Does poverty = crime? Scholars disagree
She grew up in poverty, and her mom abandoned her when she was 15, she said. She dropped out of school in eighth grade.
She started dating a 36-year-old man and living like him and his friends. She got involved in drugs, fights and shady dealings.
“I was like, ‘Oh, that’s the people I want to be like because I just saw they had nice cars and stuff,” she said.
But that life led Stacey into trouble. She spent her 17th birthday in jail on charges that included driving a stolen vehicle and possession of marijuana.
Stacey, 18, first told her story to the Gazette in May from the House of Mercy homeless shelter.
Stories such as hers might make people assume that poverty goes hand-in-hand with crime, but that’s not necessarily the case, said Melissa Deller, a sociology and criminal justice professor at UW-Whitewater.
Scholars disagree about how much poverty affects crime rates, if it does at all. While many poor people turn to crime, and many people with criminal records have trouble escaping poverty, the two aren’t hopelessly linked.
Rather, it’s the setbacks and disadvantages that often come with poverty, more than poverty itself, that affect crime rates, experts say.
Deller has found a weak connection between poverty and crime in her studies, she said. If poverty automatically led to crime, then crime rates would rise when poverty rates rise, and the world’s poorest nations would also be the world’s most crime-ridden, she said. Neither is the case.
“It gets caught up in a big myth, that poor people are more likely to do crime, and it’s a fallacy,” she said.
That myth could make people overlook criminals from the middle- and upper-classes, she said. While people in poverty might commit crimes of desperation, white-collar criminals often commit crimes of opportunity.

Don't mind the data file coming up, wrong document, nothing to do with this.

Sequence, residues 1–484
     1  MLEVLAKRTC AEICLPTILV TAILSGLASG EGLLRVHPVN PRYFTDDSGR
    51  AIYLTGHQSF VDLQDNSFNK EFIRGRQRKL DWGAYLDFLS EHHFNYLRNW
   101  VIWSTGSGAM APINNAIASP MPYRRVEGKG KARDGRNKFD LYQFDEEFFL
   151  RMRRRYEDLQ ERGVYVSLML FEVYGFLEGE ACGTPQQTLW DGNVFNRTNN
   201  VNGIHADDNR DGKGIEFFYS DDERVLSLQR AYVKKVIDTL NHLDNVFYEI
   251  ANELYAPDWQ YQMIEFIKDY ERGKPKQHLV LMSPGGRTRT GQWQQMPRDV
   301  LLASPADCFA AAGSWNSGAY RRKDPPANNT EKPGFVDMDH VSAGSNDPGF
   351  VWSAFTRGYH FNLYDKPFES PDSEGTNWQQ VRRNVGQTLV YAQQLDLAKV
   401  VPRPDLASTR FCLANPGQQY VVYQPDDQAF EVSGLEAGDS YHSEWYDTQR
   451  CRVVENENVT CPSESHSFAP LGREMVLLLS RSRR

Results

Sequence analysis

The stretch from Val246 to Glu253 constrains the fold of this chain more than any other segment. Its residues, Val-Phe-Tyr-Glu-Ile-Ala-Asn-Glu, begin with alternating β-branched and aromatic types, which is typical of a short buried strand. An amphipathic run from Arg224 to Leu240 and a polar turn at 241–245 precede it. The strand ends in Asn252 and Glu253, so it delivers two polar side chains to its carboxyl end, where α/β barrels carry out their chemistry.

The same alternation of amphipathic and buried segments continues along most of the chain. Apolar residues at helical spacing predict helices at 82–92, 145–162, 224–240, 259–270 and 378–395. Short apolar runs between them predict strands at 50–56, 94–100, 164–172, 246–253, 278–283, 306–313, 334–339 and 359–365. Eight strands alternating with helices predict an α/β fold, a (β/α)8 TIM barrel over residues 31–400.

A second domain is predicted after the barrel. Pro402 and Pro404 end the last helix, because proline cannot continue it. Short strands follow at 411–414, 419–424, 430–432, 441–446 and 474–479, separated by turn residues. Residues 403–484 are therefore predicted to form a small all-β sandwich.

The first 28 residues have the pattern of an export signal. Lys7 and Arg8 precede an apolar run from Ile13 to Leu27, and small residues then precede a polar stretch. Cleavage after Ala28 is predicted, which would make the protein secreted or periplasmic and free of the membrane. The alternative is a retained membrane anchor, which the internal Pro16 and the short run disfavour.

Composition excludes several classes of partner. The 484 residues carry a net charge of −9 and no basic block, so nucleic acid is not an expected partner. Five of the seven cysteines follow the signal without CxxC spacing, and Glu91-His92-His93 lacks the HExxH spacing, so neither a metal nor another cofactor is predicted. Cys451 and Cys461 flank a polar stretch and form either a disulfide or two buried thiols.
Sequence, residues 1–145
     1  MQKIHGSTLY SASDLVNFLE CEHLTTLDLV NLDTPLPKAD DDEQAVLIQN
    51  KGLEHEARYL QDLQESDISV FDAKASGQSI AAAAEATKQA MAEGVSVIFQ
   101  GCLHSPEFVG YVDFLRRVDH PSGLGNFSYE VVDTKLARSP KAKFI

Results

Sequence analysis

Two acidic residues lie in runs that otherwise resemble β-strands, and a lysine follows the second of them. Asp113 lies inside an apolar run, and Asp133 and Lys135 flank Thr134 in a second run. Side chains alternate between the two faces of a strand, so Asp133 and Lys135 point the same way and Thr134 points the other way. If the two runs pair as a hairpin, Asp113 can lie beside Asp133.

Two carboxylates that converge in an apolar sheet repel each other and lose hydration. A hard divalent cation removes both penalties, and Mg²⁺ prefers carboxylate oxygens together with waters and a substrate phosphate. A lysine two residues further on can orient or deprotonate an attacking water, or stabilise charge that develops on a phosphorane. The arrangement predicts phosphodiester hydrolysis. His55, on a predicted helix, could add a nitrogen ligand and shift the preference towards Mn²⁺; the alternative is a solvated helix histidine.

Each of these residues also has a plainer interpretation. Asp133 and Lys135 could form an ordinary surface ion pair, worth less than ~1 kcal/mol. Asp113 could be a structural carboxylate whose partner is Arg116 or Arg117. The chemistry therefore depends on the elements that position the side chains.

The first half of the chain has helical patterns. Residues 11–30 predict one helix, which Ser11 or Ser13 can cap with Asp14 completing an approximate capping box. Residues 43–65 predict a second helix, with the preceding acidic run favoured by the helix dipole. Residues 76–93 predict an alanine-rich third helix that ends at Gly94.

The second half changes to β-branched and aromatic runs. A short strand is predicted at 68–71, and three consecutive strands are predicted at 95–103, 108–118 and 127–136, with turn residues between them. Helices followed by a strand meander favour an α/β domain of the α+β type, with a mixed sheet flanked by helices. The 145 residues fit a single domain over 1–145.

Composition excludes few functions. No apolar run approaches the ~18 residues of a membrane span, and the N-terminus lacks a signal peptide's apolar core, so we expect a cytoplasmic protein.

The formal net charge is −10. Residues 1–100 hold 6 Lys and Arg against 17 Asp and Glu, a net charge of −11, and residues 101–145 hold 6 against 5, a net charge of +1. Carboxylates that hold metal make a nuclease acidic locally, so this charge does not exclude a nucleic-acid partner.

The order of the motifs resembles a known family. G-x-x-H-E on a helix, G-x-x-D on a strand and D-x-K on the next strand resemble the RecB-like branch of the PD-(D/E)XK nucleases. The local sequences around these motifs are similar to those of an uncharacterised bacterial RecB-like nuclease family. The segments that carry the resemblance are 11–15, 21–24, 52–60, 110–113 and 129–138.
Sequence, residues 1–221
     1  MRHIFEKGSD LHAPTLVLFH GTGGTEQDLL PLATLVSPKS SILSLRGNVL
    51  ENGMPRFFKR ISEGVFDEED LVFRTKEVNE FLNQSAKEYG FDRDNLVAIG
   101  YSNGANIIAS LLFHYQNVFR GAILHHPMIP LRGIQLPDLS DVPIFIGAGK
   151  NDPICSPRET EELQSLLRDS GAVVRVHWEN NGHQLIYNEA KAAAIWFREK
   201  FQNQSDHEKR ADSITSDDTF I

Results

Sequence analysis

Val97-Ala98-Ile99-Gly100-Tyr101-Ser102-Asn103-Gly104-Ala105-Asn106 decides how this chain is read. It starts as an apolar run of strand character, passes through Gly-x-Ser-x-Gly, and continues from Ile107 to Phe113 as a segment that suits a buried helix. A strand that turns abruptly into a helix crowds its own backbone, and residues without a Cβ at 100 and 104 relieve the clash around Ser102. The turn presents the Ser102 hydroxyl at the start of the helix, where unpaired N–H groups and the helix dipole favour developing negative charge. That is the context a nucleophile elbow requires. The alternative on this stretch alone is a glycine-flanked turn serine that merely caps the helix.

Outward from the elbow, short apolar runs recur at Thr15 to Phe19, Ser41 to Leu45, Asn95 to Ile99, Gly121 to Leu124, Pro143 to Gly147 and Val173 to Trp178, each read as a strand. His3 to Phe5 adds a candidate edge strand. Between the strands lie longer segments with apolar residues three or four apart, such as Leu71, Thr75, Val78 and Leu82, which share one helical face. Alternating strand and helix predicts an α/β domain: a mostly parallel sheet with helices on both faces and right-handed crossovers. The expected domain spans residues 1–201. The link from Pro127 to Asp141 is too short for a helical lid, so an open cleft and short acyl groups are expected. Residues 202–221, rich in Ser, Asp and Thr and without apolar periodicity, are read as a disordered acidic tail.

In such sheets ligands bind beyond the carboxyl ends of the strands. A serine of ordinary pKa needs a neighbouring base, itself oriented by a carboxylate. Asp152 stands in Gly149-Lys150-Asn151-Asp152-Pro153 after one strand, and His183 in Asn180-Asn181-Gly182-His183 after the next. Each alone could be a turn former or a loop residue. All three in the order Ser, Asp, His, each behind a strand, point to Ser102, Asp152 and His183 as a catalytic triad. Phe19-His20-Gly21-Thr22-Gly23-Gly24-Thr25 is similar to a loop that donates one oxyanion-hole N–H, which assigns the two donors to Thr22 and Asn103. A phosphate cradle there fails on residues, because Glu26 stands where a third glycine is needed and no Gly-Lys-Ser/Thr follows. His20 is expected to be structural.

Deller found that factors often associated with poverty could affect a community’s crime rate more than simple income levels. Those factors include:
-- Housing values and conditions.
-- Education levels.
-- Chronic unemployment.
Add broken homes to that list, said Capt. Dan Davis of the Janesville Police Department. Studies have shown that children of single-parent homes are more likely to both live in poverty and commit crimes.
At least two of those factors are present in Stacey’s story: She dropped out of school and came from a troubled home.
Several people living in poverty who were interviewed for this series have criminal records. Others chose to live clean lives, though they are often affected by crimes committed by loved ones or crimes committed against them. People in poverty are more likely than others to be the victims of crime because they don’t have the resources to protect themselves, Deller said.
Those with criminal records said their pasts have hindered them as they try to make fresh starts and move out of poverty.
Mike Easton, 27, grew up in foster homes and group homes. He got into trouble as a youth and served time in prison for felony theft. Today, he and his family struggle with unemployment and homelessness.
“Before I went to prison, I was—I don’t know how you want to say it—a creep,” he said. “I was no good, ya know?”
Since Mike left prison, he has tried to turn his life around and support his wife and children, but it’s been difficult. It’s hard for him to find and keep jobs, and it’s tempting to turn back to his old ways.